James B. Huntington, Ph.D.

What is the AJSN (American Job Shortage Number)?

Royal Flush Press, the publisher of Work’s New Age:  The End of Full Employment and What It Means to You and Choosing a Lasting Career:  The Job-by-Job Outlook for Work's New Age, has developed a key economic indicator.  The American Job Shortage Number, or AJSN, shows latent demand for jobs in the United States.  The number is taken by conservatively estimating the shares of people in 11 different categories who would work if jobs were readily available. 

What value does the AJSN have now?

The current AJSN, using Bureau of Labor Statistics data released June 2, 2017 is 16.75 million.  Although the unemployment rate has dropped in recent months, the AJSN is broader-based, and answers the question of how many new jobs could be quickly absorbed.   

How is the AJSN calculated?

The Bureau of Labor Statistics releases the official unemployment percentage monthly.  It also offers a variety of other numbers related to employment every year, including the numbers of people with other labor statuses.  Among them are the total count of people working and officially unemployed; people working part-time for economic reasons; those discouraged from looking for work; those not working due to family responsibilities, being in school or training, ill health or disability, or other reasons; people who want to work but did not look for a job in the previous year; those who want to work but cannot now; and those who do not want a job at all.    
So how can we assign demand for jobs to these categories? Let’s start with two assumptions. First, I will name percentages based on a very strong labor market along a wide range of fields, one where almost anyone willing to work could find a job within a matter of weeks. The closest comparison in recent decades I know of was Houston in the early 1980s, when so many people moved there from manufacturing-declining Detroit that a newspaper’s lead sentence said the hottest import there weighed only seven pounds and couldn’t be driven: a Houston Sunday newspaper filled with job ads. Second, I will strive for conservatism.
Although those in the unemployed category are officially looking for work, some are there only briefly between jobs and some frankly prefer not to work, so I will estimate 90% would obtain employment. The three categories of people with jobs would be unchanged. Discouraged workers in a time of ample jobs would function much as those officially unemployed, so I have also assigned them 90%.
Those in the next set of statuses are smaller in number, but are harder to estimate with confidence. Those on the record as wanting to work but have stopped now due to family obligations would mostly continue them, but many would end up with jobs, so I will say 30% would take employment. While continuing school or seeking training is ostensibly a primary goal, many are there for lack of a paying alternative, so I estimate 50% of those would work. People with ill health or disabilities are mostly not able to take a job, but as we can understand from the rising number of disability applications, some would reach the labor force if they knew they could get employment, so I have included 10% as working. In the “other” grouping, I have estimated 30%.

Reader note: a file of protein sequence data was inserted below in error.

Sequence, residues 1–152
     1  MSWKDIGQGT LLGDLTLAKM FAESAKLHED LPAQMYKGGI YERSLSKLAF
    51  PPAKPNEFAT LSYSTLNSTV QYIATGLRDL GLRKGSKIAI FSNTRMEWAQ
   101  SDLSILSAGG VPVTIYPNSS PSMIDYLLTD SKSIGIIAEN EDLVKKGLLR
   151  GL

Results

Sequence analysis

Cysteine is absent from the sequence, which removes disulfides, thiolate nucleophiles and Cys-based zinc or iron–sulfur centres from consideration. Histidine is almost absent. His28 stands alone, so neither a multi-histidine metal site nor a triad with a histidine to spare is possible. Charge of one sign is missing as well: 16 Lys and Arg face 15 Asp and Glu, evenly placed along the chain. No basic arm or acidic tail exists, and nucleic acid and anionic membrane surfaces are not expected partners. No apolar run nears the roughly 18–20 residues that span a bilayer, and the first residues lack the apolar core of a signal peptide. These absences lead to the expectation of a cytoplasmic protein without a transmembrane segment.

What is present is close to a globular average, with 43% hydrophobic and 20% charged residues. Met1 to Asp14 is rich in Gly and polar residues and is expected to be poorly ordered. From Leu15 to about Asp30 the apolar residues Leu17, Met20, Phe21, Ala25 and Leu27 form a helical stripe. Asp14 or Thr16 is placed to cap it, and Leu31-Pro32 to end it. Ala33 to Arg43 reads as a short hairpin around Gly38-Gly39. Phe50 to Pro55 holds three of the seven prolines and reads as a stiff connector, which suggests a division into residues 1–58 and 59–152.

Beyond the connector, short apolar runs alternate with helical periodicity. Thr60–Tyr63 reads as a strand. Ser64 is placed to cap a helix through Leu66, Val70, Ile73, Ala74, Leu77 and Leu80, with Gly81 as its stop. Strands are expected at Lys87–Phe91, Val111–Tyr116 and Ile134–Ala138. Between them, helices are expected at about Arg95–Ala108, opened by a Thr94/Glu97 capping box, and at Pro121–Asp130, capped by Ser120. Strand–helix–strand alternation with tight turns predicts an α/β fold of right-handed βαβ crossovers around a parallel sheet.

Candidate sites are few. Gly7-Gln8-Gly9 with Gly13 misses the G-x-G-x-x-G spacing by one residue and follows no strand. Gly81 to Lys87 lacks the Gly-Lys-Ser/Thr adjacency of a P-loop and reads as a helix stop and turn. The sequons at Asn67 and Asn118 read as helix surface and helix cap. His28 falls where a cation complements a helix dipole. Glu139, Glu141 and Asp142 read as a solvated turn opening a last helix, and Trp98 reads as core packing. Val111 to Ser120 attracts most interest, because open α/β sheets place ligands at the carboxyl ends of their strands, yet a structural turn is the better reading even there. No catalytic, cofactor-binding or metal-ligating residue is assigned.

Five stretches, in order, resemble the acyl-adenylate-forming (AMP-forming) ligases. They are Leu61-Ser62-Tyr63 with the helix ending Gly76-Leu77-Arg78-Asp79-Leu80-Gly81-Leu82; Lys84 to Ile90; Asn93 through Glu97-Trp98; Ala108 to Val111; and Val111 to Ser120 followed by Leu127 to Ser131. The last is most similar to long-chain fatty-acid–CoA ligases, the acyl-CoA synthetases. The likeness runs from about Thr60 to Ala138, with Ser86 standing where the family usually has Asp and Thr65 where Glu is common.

In a job-seeker’s market, those who did not search for work in the previous year but say they want jobs and are ready for them now would be similar to those officially unemployed. Since I think a significant number, though, would choose to continue not looking, I will assign 80% of them to finding work. Many of those “not available to work now,” but still officially wanting jobs, would get them—I say about 30%.
How many people who are out of the labor force and claim not to want work would end up with it in a robust market?  That is hard to tell. The great majority are fully retired, like or accept their lives as they are, and would not seek employment. However, people make plans, even long-term ones, based on what they consider to be realities. In the current market, many assume they could not get a reasonable job even if they wanted one, so we cannot dispose of the category entirely. With more than a quarter of the population, this is the largest single employment-status grouping, so small changes to the estimate would have a large effect on the number of potential employees. I have estimated that 5% of these people would get jobs if they thought they could, which, though possibly way too low, is unlikely to overstate.
We are left with the non-civilian and institutionalized category, of whom some in the armed services but few shut-ins might take jobs elsewhere, so I have assigned them 10%, and American expatriates, many of whom have left because of economic conditions at home, 20%.

How will the AJSN be reported?
Every month, on or soon after day when the BLS releases their data (usually the first Friday), the new AJSN will be posted on the Work's New Age blog, which is at http://worksnewage.blogspot.com/ .  The historical progress of the AJSN from July 1994 to July 2012, comparing it with unemployment rates and unemployment levels, is available as the September 16th, 2012 post on the same blog, at http://worksnewage.blogspot.com/2012/09/historical-american-job-shortage-number.html .  The AJSN from its August 2012 inception through the end of 2014 is recapped, and compared with other economic indicators, at http://worksnewage.blogspot.com/2015/01/the-ajsn-vs.html .

How can I comment on the AJSN?

Comments and suggestions are welcome!  You can post comments on the blog above.  You can also reach the AJSN's originator and keeper, James B. Huntington, at jhuntington@royalflushpress.com, on the Contact page on this website, or at 845-456-0115.